In the mind of John Banzhaf, however, e-cigarettes are a gateway to heroin. There have been a few articles about this recently, including this by Jacob Sullum (an article that appears to have been taken literally by some people), but Ban-ban-banzhaf's press release is by far the funniest. Strap yourself in as we revisit 1950s reefer madness.
Experts are also worried that, with some 10% of middle and high school students already using e-cigarettes to ingest the addictive drug nicotine, it's only a matter of time before they move up to using these new e-cigarette cartridges to get a marijuana high without the characteristic marijuana smell in their rooms, or on their clothing or breath, thus making it more difficult for parents or teachers to find out.
Yes, "it's only matter a time". Just as it's only a matter of time before smokers of tobacco become smokers of marijuana, right?
Both Forbes magazine and Medical Daily have reported how such use can easily lead to a heroin addiction.
Medical Daily is a website that will seemingly publish anything and the Forbes article was making fun of the idea.
Detective Lt. Kevin Smith, the head of the Narcotics Unit for the Nassau County PD, doesn't beat around the bush: "For young people, marijuana is a gateway. The next thing you know they’re doing acid, molly, even heroin. I don’t like it that people are giving it a pass."
Note that the detective has already made the leap of faith that e-cigarettes lead to marijuana use. "The next thing you know", they're on heroin. Never mind that about of third of the population has tried marijuana and less than one per cent has tried heroin.
Marianne Chai, a Manhattan-based addiction psychologist, said e-cigarettes make it harder for parents to look for the old signs that their teens are using drugs, presumably including marijuana leaves and buds, the sharp and distinctive odor of marijuana smoke, and other similar signs.
What about being stoned? Isn't that the main sign that someone's been using drugs? The red eyes, slowed speech and dopy grin?
Interestingly, as the Chicago Tribune points out in "HOW E-CIGARETTES LEAD TO HEROIN": "But [NBC] got scooped on this story by anti-smoking activist John Banzhaf, who more than three years ago added facilitation of cannabis consumption to his list of reasons for fearing and loathing e-cigarettes."
Bear in mind that this is a press release written by the rampant self-publicist, ambulance chaser and anti-nicotine fanatic John Banzhaf. The stuff he was writing three years ago is as nuts as the stuff he writes today. Along with a load of BS about 'thirdhand smoke', he warned of the perils of secondhand vaping. For example...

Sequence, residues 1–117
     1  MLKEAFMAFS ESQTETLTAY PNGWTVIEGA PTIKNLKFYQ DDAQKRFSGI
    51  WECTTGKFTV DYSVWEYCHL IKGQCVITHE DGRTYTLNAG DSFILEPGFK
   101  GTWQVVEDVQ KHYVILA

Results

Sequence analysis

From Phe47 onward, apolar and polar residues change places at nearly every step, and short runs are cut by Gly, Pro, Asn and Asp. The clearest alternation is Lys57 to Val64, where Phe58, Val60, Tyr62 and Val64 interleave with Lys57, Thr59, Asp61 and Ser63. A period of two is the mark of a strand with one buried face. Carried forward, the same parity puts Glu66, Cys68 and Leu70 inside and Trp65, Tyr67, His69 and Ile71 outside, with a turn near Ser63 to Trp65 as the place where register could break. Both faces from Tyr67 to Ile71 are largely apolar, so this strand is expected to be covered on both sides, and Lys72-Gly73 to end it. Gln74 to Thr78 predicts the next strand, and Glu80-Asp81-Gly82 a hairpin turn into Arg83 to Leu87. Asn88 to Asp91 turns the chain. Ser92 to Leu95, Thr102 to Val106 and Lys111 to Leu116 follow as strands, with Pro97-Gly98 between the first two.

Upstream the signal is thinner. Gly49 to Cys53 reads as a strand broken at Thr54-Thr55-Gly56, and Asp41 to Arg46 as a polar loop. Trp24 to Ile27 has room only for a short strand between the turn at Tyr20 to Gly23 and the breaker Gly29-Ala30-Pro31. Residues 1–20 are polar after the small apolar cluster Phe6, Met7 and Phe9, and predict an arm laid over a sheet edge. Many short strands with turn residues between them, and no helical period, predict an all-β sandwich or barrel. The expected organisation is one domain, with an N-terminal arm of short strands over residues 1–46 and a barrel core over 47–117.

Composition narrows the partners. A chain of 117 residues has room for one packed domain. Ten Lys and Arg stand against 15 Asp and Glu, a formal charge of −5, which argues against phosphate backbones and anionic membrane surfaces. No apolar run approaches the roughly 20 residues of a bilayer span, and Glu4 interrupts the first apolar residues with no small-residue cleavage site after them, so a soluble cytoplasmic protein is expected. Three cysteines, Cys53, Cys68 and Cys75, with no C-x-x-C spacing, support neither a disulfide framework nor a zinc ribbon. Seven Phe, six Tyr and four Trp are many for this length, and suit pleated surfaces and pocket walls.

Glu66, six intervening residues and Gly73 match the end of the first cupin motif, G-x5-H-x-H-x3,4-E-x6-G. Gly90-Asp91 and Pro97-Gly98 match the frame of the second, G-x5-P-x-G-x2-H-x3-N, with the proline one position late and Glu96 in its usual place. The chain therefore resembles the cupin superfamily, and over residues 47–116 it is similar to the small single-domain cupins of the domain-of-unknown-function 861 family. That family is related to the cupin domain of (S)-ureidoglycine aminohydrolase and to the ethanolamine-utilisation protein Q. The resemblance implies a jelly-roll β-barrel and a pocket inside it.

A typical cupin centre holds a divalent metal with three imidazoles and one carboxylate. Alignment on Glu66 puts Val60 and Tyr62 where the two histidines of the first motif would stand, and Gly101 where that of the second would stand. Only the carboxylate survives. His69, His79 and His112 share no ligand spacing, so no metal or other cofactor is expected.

If you don’t want people sitting next to you – in a waiting room, restaurant, bar, or any other area where smoking is now prohibited – using one of these devices to get around smoking bans, and forcing you and your loved ones to inhale deadly nicotine – please help now!
This guy is such a plonker even the likes of Chapman and Glantz have nothing to do with him.
While most of the articles and experts have emphasized the danger marijuana e-cigarettes pose to kids – a kind of "candy cigarette on steroids" as Banzhaf puts it – he stresses the risk when adults are able to get high without being detected. "Imagine automobile or even truck drivers tooling down the road happily inhaling the active ingredient in marijuana. Even if a cop does stop them before they kill or injure someone, there's no telltale odor to create probable cause to even detain them, and no other signals such as the slurring of speech which can signal driving while intoxicated with alcohol," says Banzhaf.
You could say the same about people driving on cocaine, heroin or 'molly' (MDMA). Banzhaf seems to think that the presence of physical smoke is the key to cracking these cases and therefore preventing them. It really isn't.
Equally worrisome is the specter of workers operating dangerous factory machinery or construction equipment getting higher and higher as they work, with nobody able to detect it.
Does this ever happen? Have there been a spate of workplace injuries and road accidents since the e-reefer madness erupted? Or are these, in fact, the wild speculations of a warped and idle mind?
Even in states where marijuana use has been decriminalized, nobody would want these totally unnecessary dangers to third parties, says Banzhaf.
Perhaps not, but then we're talking about a fantasy scenario that is based on totally unproven assumptions. In places which have legalised marijuana it is, I assume, still illegal to drive under the influence and it is still, I assume, against company policy to operate heavy machinery whilst stoned.
In places which have not legalised marijuana, it would be wholly consistent to ban the sale of e-cigarette fluid which contains THC—if, indeed, it exists. Banzhaf, by contrast, wants to ban the device rather than the fluid because he's not really interested in drug use, he just hates smokers, but doesn't want them to stop smoking.